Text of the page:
Page 9
It is for this reason that he should be rather pitied than judged as he is now being judged by his German and English critics, who, with thoroughly neurotic suddenness, have acknowledged their revulsion of feeling a little too harshly.
Page 13
{~HORIZONTAL ELLIPSIS~} Has any one ever observed that music _emancipates_ the spirit? gives wings to thought? and that the more one becomes a musician the more one is also a philosopher? The grey sky of abstraction seems thrilled by flashes of lightning; the light is strong enough to reveal all the details of things; to enable one to grapple with problems; and the world is surveyed as if from a mountain top--With this I have defined philosophical pathos--And unexpectedly _answers_ drop into my lap, a small hailstorm of ice and wisdom, of problems _solved_.
Page 15
"Tristan and Isolde" glorifies the perfect husband who, in a certain case, can ask only one question: "But why have ye not told me this before? Nothing could be simpler than that!" Reply: "That I cannot tell thee.
Page 16
" In short: _Parsifal_.
Page 23
The whole no longer lives at all: it is composed, reckoned up, artificial, a fictitious thing.
Page 29
Tremulously they listen while the _great symbols_ in his art seem to make themselves heard from out the misty distance, with a gentle roll of thunder, and they are not at all displeased if at times it gets a little grey, gruesome and cold.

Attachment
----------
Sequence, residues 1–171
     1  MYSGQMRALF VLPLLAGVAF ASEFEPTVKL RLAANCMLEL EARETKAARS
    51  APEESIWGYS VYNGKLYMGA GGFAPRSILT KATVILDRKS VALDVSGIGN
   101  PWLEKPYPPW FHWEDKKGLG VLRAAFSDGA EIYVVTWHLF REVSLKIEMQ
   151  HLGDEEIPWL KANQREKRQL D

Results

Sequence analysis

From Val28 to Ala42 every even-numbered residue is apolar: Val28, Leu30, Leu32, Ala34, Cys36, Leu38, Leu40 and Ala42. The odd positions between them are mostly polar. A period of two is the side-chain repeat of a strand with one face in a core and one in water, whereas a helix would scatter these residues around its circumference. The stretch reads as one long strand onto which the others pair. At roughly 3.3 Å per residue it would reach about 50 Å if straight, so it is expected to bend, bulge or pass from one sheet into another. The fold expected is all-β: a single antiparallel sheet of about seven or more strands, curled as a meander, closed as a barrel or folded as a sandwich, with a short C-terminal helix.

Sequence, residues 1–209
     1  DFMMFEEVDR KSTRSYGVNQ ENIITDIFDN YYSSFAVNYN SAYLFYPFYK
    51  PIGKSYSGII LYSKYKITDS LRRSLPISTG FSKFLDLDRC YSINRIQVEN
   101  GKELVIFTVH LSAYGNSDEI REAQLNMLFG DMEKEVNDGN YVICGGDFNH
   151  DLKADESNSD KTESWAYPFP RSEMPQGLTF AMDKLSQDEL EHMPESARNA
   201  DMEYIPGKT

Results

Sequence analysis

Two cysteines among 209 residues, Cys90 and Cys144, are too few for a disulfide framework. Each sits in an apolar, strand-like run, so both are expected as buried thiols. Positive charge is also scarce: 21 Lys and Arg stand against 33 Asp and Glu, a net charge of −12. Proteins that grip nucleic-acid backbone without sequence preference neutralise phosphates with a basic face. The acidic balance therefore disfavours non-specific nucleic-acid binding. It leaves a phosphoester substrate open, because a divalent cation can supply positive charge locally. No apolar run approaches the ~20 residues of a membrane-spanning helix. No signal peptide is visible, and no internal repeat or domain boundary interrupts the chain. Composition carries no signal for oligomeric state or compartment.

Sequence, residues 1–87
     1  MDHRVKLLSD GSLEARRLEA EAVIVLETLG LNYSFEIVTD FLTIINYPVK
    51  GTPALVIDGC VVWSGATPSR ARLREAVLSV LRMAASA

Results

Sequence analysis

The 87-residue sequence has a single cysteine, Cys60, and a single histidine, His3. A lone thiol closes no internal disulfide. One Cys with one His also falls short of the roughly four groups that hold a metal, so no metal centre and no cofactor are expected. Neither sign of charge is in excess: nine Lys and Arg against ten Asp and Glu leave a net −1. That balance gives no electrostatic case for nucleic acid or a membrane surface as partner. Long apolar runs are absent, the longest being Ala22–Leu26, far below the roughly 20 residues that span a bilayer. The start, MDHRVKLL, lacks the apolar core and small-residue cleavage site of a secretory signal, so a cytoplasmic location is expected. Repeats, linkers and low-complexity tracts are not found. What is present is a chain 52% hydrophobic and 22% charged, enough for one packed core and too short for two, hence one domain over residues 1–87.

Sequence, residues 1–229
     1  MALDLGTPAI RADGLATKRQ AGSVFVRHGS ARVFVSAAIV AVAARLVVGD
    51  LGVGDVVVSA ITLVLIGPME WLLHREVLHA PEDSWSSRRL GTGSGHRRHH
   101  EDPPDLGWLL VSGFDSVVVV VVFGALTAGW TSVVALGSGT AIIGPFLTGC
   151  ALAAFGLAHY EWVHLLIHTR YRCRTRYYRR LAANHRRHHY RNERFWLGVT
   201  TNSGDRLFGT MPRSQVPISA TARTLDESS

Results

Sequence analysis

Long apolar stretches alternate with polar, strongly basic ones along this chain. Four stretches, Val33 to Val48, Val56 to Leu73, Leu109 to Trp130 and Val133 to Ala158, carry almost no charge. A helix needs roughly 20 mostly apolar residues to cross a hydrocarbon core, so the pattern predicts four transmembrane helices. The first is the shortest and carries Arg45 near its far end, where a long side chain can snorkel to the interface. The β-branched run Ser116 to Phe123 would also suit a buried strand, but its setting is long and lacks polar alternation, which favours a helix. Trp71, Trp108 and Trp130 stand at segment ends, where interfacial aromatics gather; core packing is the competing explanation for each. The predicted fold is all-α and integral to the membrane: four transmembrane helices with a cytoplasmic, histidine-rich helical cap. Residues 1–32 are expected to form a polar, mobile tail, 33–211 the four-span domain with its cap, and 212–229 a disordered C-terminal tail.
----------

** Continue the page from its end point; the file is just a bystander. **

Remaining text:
Page 36
--The female Wagnerite is a more definite, a more interesting, and above all, a more attractive type.
Page 39
(14) But the kind of falsity which is characteristic of the Bayreuthians is not exceptional to-day.
Page 43
From the imitation or the prevalence of such a taste there would arise a danger for music--so great that we can imagine none greater--the complete degeneration of the feeling for rhythm, _chaos_ in the place of rhythm.
Page 45
The age of international wars, of ultramontane martyrdom, in fact, the whole interlude-character which typifies the present condition of Europe, may indeed help an art like Wagner's to sudden glory, without, however, in the least ensuring its _future prosperity_.
Page 48
There is no necessary contrast between sensuality and chastity, every good marriage, every genuine love affair is above this contrast; but in those cases where the contrast exists, it is very far from being necessarily a tragic one.
Page 50
Henceforward alone and cruelly distrustful of myself, I then took up sides--not without anger--_against myself_ and _for_ all that which hurt me and fell hard upon me; and thus I found the road to that courageous pessimism which is the opposite of all idealistic falsehood, and which, as it seems to me, is also the road to _me_--_to my mission_.
Page 52
Profound suffering makes noble; it separates.
Page 53
Hamlet's case: and then folly itself can be the mask of an unfortunate and alas! all too dead-certain knowledge.
Page 54
{~HORIZONTAL ELLIPSIS~} We no longer believe that truth remains truth when it is _unveiled_,--we have lived enough to understand this.
Page 55
{~HORIZONTAL ELLIPSIS~} The shame with which Nature has concealed herself behind riddles and enigmas should be held in higher esteem.
Page 59
--All this is understood by the Wagnerites.
Page 60
_Contradictions in the Idea of Musical Drama.